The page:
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Masande Ntshanga’s been reading a lot of fiction by women

Masande Ntshanga is the author of The Reactive
Masande Ntshanga is the author of The Reactive

Masande Ntshanga is the author of The Reactive

I’ve been reading women fiction writers lately, some of them recent books and others older releases. From the recent past, I was taken in by The Hired Man by Aminatta Forna and Before You Suffocate Your Own Fool Self by Danielle Evans, and here in particular her story, “Virgins”, which is the first in her collection. ‘

Hunger, the novella by Lan Samantha Chang and The Hunger Angel, a novel by Herta Müller, also drew me in, in particular Müller’s book.

Corregidora by Gayle Jones, which I read for the first time around four years ago, is one I plan to go back to, and more recently, I’ve liked the debut novels coming in from North America: Faces in the Crowd by Valeria Luiselli, Nobody is Ever Missing by Catherine Lacey, The Wallcreeper by Nell Zink, and Love Me Back by Merritt Tierce—especially this last one. I also liked what Claire Battershill, a fellow nominee for the 2013 New Voices Award, did with “Circus”, her first collection.

Then, closer to home I found Tales of the Metric System by Imraan Coovadia instructive and The Tuner of Silences by Mia Couto haunting. Still on my to-read list, I have: Chronicle of a Corpse Bearer by Cyrus Mistry—which I feel lucky to have found—The Corpse Exhibition by Hassan Blasim, The Erl-King by Michel Tournier, In Her Own Words by Joan of Arc, and Indaba, My Children by Credo Mutwa.

REVIEW: The Hired Man

the hired man

the hired manThe Hired Man

Aminatta Forna

Bloomsbury

REVIEW: Ruth Browne

The Hired Man is a story told simply, of a piece with the heat and the smell of sage in Gost, a town near the coast of Croatia. Duro Kolak is the narrator, distinguished by his quiet and restraint. He lives alone with his two hunting dogs and is as much a part of Gost as the trees and the sky. When an English family moves into the blue house on the outskirts of town, Duro helps to renovate their holiday home. In the process, Gost’s painful history of conflict and betrayal resurfaces.

Aminatta Forna is Scottish-Leonean, and seems the most unlikely author imaginable for Duro’s passive-aggressive rural Croatian masculinity. But her characters never lack credibility, and her own experiences run parallel to the horrors of the Yugoslav Wars of Duro’s past.

Her 2002 debut novel, The Devil that Danced on the Water, is a memoir dealing with the civil war in Sierra Leone, where Forna spent her childhood. The early nineties saw both the dissolution of Yugoslavia and the start of the devastating war in the west African state, and The Hired Man is in this sense almost a comparative history. In a Guardian interview with Maya Jaggi, Forna commented on how genocide is perceived depending on its context. Eastern European slaughters are sanitised through discussions of politically-motivated “ethnic cleansing”, while Africa is still seen as the dark continent where unreason prevails.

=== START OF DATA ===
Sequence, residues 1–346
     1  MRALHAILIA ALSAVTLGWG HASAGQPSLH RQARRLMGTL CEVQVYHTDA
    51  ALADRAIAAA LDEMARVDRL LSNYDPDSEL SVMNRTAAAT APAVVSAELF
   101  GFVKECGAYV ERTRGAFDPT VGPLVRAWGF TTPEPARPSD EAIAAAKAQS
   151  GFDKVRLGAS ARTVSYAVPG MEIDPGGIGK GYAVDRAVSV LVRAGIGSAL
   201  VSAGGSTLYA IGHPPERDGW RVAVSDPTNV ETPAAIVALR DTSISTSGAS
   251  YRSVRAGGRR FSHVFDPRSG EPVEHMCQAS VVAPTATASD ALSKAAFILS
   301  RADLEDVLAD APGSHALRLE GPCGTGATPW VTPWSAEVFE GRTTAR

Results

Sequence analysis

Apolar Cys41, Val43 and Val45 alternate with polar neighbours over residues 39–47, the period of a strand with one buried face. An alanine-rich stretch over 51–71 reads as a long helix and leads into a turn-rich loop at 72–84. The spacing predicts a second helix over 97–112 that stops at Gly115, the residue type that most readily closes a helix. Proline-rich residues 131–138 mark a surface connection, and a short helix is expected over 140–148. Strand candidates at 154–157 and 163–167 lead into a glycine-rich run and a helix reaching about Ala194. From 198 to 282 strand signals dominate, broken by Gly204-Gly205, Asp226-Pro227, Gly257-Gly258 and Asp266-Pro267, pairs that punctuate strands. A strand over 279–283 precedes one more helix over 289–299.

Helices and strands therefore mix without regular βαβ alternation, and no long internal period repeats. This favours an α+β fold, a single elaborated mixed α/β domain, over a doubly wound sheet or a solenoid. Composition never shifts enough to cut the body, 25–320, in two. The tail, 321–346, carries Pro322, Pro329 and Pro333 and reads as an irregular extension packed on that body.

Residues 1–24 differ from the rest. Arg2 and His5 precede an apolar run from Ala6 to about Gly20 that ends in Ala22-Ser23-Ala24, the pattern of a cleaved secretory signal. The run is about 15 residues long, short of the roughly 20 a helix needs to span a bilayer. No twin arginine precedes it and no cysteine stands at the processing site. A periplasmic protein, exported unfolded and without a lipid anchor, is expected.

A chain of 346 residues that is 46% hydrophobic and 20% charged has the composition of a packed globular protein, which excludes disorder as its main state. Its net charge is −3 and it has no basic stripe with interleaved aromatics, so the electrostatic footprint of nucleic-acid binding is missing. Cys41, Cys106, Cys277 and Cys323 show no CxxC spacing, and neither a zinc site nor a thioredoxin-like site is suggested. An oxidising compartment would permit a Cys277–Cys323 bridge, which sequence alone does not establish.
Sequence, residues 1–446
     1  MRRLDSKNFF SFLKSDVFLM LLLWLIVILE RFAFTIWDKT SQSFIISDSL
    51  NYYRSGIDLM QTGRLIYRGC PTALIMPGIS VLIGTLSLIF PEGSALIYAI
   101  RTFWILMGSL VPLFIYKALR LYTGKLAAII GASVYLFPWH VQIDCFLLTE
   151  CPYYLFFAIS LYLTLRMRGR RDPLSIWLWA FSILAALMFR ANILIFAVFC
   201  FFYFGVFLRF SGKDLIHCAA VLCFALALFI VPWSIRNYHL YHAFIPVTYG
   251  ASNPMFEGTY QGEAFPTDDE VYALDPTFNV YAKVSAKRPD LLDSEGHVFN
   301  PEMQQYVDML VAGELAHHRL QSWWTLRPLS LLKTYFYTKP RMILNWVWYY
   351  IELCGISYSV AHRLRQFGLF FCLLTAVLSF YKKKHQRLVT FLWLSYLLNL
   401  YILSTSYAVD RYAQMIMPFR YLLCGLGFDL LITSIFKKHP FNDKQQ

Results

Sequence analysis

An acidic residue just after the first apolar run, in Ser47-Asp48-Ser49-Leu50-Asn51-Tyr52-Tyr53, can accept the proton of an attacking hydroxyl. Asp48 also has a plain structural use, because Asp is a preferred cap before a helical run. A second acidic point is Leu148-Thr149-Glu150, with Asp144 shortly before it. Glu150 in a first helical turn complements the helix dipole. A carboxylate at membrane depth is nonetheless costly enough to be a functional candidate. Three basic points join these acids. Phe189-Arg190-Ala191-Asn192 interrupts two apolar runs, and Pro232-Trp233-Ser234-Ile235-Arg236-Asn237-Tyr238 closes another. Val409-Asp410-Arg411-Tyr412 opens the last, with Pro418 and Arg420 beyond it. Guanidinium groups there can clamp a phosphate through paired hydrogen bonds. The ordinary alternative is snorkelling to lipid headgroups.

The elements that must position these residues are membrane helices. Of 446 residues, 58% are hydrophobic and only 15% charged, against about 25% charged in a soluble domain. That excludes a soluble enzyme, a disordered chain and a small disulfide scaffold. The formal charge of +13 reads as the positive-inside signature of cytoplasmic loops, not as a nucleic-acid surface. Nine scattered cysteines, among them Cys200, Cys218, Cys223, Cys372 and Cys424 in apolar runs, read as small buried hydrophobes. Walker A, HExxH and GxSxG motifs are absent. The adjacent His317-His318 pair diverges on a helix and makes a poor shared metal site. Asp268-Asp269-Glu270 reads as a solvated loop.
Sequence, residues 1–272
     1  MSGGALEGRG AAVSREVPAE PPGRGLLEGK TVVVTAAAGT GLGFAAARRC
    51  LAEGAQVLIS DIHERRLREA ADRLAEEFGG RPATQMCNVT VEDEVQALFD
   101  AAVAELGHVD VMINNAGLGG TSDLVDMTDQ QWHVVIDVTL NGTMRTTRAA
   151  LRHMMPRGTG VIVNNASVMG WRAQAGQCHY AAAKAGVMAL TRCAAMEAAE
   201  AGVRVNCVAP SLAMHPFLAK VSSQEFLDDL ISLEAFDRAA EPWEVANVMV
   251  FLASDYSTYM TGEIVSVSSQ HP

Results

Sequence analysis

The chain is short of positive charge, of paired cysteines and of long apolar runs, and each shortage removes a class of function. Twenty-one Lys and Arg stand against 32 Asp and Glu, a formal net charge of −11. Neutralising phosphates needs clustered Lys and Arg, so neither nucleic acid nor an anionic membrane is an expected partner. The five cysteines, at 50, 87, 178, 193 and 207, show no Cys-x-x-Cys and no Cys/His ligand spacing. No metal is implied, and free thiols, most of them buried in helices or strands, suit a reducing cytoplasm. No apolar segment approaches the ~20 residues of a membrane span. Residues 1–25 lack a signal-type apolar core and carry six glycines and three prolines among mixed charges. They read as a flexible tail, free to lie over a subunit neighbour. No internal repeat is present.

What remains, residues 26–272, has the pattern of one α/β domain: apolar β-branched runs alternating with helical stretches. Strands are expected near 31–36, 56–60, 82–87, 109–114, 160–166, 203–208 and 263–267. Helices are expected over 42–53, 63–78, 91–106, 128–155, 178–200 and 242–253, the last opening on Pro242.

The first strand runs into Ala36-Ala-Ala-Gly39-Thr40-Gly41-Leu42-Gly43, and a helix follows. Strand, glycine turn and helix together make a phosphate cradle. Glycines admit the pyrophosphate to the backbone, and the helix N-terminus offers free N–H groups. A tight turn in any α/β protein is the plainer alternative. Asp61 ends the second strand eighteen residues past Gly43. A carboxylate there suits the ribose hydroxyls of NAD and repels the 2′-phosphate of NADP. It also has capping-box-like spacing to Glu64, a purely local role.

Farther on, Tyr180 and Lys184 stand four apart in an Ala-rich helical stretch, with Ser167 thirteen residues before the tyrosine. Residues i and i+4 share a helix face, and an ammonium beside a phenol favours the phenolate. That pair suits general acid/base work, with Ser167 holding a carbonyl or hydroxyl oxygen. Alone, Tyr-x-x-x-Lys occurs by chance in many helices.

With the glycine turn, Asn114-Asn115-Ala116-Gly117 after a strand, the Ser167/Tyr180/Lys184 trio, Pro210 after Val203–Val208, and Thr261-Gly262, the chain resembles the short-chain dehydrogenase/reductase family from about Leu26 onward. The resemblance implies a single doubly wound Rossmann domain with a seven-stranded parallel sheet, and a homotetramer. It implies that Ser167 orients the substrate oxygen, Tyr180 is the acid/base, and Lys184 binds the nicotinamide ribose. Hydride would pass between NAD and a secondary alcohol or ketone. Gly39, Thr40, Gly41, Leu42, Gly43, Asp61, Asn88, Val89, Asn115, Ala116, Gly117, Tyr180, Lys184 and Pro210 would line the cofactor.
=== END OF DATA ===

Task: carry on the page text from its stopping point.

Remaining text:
In the fictional town of Gost, it is understood that old crimes and hatreds linger in all communities where neighbours have turned on one another. The mechanics are different, from machetes in Sierra Leone to hunters’ rifles in Croatia, but the aftermath is the same: the scar of the past always distorting the present.

Laura and her two children are oblivious holidaymakers in Croatia, and in Duro’s account we, too, see and hear nothing but the tranquility, the countryside and the taciturn townspeople. Duro is a man of habit, and the gradual progression towards the truth is his way of remembering. The methodical business of laying new roof tiles, cutting down a dead tree or uncovering a startling mosaic mimics his own journey into the past, and a second, darker narrative becomes visible beneath his courteous interactions with the visiting family.

Forna is well-travelled, and holds a degree in law from London University. During her career as a BBC journalist, she witnessed and reported on international conflicts, grounding her latest work in ten years of experience. But she is also an author whose previous novel, The Memory of Love, was shortlisted for the Orange Prize and won the Commonwealth Writers’ Prize. Forna is recognised both for her ability to excavate past conflict and trauma and for her particular literary talent.

Her style in The Hired Man is almost bland, beginning simply, with a timeless feel that plays on the town’s ethereal name. As the demons of the past are revealed, one discovers Duro’s complexity as a character, and the buried evils that moulded him and his whole community take shape against a meticulously researched historical backdrop.

  • This review first appeared in the Cape Times in July 2013